Interview with LakeFeperd on Spark the Electric Jester & Sonic Before/After the Sequel

Game development is a difficult process and many talented people work hard to make the game we love to play. But it is always interesting to see fan productions that celebrate a franchise become the testing grounds for promising original IP.

Today I have with me LakeFeperd, one of the main minds behind strong Sonic fan productions Sonic Before the Sequel and Sonic After the Sequel. Both of these in addition to other Sonic projects he worked on offered enjoyable gameplay that many enjoyed. Lake is currently working on the promising 2D action platformer Spark the Electric Jester set for release in Spring 2017.

Lake was nice enough to answer a few questions I had on this past and upcoming projects. Hope you all enjoy this interview!

RK: Can you introduce yourself?

LakeFeperd: Hello, I’m Felipe, mostly known as LakeFeperd.

RK: It is such an honor to speak with you and thank you for doing this interview with me. My first question would be what was your introduction to the Sonic the Hedgehog series and gaming in general?

LakeFeperd: I don’t quite remember, because I was really young but it probably was the original Mega Drive with Sonic 1.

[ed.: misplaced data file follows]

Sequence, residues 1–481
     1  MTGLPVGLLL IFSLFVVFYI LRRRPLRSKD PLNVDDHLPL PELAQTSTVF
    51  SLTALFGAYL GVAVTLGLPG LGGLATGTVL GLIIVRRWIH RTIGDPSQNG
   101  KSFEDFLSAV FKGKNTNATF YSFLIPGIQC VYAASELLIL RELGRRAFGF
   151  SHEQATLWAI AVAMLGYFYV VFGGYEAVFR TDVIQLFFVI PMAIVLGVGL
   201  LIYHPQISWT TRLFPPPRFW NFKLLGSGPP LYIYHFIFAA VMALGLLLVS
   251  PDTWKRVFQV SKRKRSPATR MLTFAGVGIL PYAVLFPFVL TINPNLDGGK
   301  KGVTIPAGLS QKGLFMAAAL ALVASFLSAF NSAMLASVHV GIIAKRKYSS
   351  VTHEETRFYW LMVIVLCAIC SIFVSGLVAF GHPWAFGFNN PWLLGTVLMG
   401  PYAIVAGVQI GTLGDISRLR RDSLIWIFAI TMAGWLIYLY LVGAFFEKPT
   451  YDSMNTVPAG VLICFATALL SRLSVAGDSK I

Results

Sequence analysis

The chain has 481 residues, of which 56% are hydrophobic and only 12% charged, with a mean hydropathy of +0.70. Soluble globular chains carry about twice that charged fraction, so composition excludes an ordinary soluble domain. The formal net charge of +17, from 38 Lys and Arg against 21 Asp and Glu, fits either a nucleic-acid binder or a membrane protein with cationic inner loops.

RK: Thank you for answering my question! Sonic 1 is a great game so I’m happy that was your start with gaming. What part of Sonic did you enjoy the most? From my experience playing Before/After the Sequel, it is very clear you have a strong sense of respect for the original Classic Trilogy

LakeFeperd: Probably everything? I don’t really know what I enjoy the most about Sonic.

RK: I love many of Sonic’s games as well. I felt that you enjoyed the Classic Trilogy based on how your Sonic projects were so high quality. My next question would be that when you was working on Before/After the Sequel, what were some of the biggest challenges you faced during it’s development?

LakeFeperd: Learning programming, I knew nothing when I started.